Perceptions of Taxing and Spending: A Survey Experiment

42 Pages Posted: 25 Oct 2014 Last revised: 18 Jan 2015

See all articles by Conor Clarke

Conor Clarke

Yale University, Law School

Edward G. Fox

University of Michigan Law School

Date Written: October 21, 2014


This paper presents the results of an original survey experiment on whether the public prefers “tax expenditures” to “direct outlays” — that is, whether members of the public are more likely to support government spending that takes the form of a tax credit rather than a check or cash. Using a survey that spans a wide variety of policy areas — and with important variations in wording and information — we show that the public strongly prefers tax expenditures even when the “economic substance” of the proposed policies is identical. We also show that the public views tax expenditures as less costly than equivalent direct outlays. These results support a longstanding but largely unstudied hypothesis that tax expenditures “hide” the costs of government spending, and have implications for why tax expenditures have continued to grow in size and complexity.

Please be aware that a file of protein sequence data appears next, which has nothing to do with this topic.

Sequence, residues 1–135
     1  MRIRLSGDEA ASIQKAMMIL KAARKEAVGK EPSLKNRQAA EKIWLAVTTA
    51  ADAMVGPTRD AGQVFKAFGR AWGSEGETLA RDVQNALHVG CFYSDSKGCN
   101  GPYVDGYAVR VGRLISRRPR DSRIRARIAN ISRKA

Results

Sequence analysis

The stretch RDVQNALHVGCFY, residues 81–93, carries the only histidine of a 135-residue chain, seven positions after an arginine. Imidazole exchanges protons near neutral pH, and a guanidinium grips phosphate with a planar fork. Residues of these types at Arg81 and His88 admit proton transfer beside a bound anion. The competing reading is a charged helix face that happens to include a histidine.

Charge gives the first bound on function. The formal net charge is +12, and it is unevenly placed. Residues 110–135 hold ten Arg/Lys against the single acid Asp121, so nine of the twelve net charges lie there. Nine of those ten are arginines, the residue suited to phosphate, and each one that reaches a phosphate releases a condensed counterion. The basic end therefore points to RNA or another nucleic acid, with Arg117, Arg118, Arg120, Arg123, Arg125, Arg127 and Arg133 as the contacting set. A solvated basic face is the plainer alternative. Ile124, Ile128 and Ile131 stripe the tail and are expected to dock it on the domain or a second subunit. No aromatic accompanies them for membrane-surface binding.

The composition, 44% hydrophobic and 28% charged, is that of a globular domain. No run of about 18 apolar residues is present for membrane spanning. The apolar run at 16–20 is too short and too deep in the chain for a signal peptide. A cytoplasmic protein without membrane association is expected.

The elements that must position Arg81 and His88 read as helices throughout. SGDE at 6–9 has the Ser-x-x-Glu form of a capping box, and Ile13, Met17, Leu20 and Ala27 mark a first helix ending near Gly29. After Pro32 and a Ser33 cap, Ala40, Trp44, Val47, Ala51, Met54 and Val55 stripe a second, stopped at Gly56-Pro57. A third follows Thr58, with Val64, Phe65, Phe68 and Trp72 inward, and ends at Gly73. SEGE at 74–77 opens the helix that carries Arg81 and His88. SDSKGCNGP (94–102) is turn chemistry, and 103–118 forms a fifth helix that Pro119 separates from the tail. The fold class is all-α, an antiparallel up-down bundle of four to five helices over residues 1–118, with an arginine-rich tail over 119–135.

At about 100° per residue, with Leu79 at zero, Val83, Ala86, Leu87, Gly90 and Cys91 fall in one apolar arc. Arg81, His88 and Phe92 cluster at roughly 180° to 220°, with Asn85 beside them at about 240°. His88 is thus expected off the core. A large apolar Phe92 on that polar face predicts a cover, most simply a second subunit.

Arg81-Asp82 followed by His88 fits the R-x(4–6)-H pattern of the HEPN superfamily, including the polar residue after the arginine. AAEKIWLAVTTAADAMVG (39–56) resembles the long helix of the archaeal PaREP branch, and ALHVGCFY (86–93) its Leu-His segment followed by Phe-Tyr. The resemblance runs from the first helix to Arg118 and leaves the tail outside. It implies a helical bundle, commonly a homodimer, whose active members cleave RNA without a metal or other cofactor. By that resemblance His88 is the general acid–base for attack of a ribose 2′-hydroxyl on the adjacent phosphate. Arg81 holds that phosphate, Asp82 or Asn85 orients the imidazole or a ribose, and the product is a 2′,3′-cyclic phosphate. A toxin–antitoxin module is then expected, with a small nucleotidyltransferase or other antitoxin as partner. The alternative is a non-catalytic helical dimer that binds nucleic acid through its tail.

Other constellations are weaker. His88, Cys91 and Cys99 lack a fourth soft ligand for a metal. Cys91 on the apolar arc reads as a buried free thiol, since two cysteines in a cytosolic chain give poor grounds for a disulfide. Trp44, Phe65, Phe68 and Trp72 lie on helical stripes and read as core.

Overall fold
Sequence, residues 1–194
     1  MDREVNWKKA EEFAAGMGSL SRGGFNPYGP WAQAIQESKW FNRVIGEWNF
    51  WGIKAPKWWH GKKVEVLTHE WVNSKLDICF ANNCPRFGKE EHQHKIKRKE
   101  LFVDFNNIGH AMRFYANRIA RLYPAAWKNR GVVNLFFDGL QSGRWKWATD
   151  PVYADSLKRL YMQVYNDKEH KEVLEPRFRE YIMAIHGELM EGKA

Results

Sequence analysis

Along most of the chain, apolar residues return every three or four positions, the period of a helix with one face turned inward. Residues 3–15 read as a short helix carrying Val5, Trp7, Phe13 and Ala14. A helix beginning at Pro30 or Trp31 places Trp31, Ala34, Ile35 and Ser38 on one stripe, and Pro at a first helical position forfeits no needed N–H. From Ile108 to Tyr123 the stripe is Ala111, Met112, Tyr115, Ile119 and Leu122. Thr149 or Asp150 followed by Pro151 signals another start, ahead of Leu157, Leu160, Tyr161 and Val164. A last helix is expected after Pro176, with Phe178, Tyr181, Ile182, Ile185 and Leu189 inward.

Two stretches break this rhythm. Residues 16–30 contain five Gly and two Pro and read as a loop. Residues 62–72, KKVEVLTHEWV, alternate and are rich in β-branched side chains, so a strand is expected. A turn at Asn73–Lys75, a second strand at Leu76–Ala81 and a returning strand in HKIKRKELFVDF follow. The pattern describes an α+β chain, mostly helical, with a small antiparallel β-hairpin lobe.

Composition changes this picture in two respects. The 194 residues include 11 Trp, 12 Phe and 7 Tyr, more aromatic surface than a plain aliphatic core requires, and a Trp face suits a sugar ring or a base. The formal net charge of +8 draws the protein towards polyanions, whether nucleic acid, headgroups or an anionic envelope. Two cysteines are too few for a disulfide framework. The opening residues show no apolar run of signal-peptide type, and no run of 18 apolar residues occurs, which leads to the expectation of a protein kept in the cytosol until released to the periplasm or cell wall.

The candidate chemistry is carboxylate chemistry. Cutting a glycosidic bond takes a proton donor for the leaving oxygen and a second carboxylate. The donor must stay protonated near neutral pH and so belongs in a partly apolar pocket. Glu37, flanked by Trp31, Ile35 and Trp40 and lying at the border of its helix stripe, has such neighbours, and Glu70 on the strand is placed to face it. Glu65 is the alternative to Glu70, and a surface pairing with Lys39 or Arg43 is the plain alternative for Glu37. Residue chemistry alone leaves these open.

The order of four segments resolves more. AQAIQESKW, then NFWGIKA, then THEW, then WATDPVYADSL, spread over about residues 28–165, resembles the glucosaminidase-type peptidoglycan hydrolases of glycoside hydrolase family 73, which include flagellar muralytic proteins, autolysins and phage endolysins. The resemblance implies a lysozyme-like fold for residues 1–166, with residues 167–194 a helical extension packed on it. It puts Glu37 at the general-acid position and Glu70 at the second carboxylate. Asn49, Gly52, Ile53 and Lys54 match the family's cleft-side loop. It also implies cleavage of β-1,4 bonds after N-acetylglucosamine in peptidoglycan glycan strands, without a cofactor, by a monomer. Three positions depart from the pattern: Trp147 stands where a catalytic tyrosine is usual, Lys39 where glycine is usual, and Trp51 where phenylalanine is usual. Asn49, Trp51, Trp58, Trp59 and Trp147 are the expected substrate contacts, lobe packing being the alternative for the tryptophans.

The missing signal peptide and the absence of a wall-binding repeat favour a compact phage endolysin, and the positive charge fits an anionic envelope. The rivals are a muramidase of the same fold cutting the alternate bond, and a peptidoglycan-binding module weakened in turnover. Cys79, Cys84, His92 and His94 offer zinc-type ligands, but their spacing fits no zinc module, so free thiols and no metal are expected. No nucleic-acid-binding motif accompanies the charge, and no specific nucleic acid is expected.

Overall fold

Keywords: Tax, Tax Law, Tax Policy, Framing Effects, Behavioral Economics, Law and Economics

JEL Classification: K00, K340, H200, H600, H500

Suggested Citation

Clarke, Conor and Fox, Edward G., Perceptions of Taxing and Spending: A Survey Experiment (October 21, 2014). 124 Yale Law Journal 1252 (2015), Available at SSRN:

Conor Clarke (Contact Author)

Yale University, Law School ( email )

127 Wall Street
New Haven, CT 06511
United States

Edward G. Fox

University of Michigan Law School ( email )

625 South State Street
Ann Arbor, MI 48109-1215
United States

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